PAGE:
Thousands gathered in Washington February 17 to urge the President to move on climate change and to protest the Keystone XL pipeline.

On Sunday, February 17th, somewhere between 35,000 and 50,000 people traveled to Washington from Maine to California and in-between to urge action on climate change, starting with rejection of permits for the Keystone XL pipeline.

Billed by its organizers as the “largest climate change protest in the history of the United States,” the “Forward on Climate” rally was conceived and coordinated by [see here] and Sierra Club [and here] and joined by more than 160 other environmental and civic organizations.

Bracing winds compounded the chill of the low-30s temperature for those who assembled to hear activists, celebrities, politicians, and indigenous peoples urge action on climate change. (Former Obama official Van Jones delivered a particularly stirring speech, urging young people in the crowd to “stop being chumps”: “If you don’t fight for what you want, you deserve what you get.”)

Organizers distributed signs for “Forward on Climate” and “It’s time to cut carbon.” But many brought their own signs — or wore costumes — to protest against fracking or on behalf of Arctic wildlife. (Yes, for many the polar bear remains the go-to image for climate change.)

The crowd then marched around the White House to deliver rhythmic messages of protest — e.g. “Barrack Obama, yes you can / stop the dirty pipeline plan” and “Hey Obama / we don’t want no pipeline drama” — to the president.

CNN offered the only significant pre-coverage of the event, framing it as a follow-up to the smaller protest the Wednesday before, when Robert F. Kennedy Jr. and his son, along with activist Bill McKibben, actress Daryl Hannah, the Sierra Club’s Michael Brune, civil rights leader Julian Bond, and some 40 others, were arrested for cuffing themselves to the White House fence.

News coverage since the Sunday rally has been quite extensive, as evidenced by this early “round up” by Inside Climate News.

[View larger image]
Photo 1: People quickly filled the area in front of a stage near the Washington Monument.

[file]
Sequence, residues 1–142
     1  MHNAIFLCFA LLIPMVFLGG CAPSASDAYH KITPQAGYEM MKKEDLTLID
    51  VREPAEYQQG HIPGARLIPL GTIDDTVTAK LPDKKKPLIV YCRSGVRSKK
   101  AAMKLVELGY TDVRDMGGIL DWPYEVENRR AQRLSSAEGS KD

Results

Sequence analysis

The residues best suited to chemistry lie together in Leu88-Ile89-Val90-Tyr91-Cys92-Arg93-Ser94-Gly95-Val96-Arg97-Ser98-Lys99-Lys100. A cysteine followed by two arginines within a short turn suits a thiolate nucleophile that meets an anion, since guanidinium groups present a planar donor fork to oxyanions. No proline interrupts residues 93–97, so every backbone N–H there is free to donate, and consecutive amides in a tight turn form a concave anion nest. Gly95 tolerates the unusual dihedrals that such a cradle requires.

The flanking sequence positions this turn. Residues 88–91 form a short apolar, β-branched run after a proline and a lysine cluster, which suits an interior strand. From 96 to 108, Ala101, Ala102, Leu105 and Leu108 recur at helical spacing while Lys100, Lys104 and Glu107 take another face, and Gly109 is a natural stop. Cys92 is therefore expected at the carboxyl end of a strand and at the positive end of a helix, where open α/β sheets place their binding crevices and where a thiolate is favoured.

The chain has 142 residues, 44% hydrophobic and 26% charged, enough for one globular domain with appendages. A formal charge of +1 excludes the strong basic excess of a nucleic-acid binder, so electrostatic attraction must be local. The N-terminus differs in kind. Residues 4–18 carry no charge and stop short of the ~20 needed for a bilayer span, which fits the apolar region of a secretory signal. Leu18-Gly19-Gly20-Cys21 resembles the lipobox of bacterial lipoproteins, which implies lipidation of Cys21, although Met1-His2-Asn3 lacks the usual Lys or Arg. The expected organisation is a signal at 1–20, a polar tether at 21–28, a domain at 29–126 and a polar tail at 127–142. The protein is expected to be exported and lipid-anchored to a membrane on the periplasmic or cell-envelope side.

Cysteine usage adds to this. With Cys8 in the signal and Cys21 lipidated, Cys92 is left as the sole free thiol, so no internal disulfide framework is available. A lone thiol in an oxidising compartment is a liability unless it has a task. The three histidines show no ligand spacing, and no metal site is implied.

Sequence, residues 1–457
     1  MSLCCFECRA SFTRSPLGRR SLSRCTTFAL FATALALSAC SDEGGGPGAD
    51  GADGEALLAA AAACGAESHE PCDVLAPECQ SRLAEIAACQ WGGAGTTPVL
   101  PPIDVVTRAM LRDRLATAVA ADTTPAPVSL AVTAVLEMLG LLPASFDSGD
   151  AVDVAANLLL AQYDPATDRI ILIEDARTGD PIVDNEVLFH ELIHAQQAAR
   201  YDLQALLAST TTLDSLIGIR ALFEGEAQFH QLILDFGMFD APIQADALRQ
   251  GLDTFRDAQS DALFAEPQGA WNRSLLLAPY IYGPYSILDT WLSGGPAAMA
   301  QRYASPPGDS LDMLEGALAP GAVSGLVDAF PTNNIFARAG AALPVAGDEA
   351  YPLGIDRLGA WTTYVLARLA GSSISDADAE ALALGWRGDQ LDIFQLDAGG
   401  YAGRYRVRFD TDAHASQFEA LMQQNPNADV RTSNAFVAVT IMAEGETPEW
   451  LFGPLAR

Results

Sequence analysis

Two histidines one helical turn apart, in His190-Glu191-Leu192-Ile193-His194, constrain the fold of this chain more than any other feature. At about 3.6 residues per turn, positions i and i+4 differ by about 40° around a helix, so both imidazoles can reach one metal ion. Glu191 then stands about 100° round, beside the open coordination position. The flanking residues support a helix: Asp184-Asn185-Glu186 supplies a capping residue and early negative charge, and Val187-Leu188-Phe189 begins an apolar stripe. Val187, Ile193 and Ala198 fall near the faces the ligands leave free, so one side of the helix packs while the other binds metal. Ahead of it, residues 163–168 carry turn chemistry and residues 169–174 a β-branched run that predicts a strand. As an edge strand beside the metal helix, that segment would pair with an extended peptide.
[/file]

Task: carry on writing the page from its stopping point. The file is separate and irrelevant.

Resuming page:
[View larger image]
Photo 2: Elliot Crown came from New York City to protest environmental impacts of fracking in the Marcellus Shale formation, which runs through Pennsylvania and New York.

[View larger image]
Photo 3: Three different groups of protestors gather for a joint picture by the many amateur, freelance, and professional photographers in attendance. The fool/fuel pun was a staple at the rally.

[View larger image]
Photo 4: The area between the jumbotron and the sidewalk ringing the Washington Monument filled mid-rally. Inside the crowd, protection from the wind helped compensate for the cloudy day and chilly temperatures.

[View larger image]
Photo 5: After the rally, the crowd moved from the Mall to Constitution Avenue. Several minutes passed waiting for the ‘Obama lead on Climate!’ banner to arrive.

[View larger image]
Photo 6: Park police — on horseback, on motorcycles, on foot, and in cars — monitored marchers closely, especially at turns in the route.

[View larger image]
Photo 7: A gaggle of photographers and videographers captured the crowd from the base of Rochambeau’s statue at the southwest corner of Lafayette Park.

[View larger image]
Photo 8: In the narrow space left by the fenced-off inaugural platforms, still being disassembled, the crowd chanted for several minutes before marching back to the Mall, where, after some dancing and photo-ops with the organizers, it dispersed.

Photo Credits:  Images 1, 2, 3, 5, 6, 7, and 8 by Brian Nielson, image 4 by Steven Svoboda, each using Android-based tablets. (One problem with tablet photo-journalism in cold weather: you can only activate the touch screen with bare fingers.)

Michael Svoboda

Michael Svoboda, Ph.D., is a professor in the University Writing Program at The George Washington University in Washington, D.C., where he has taught since 2005. Before completing his interdisciplinary...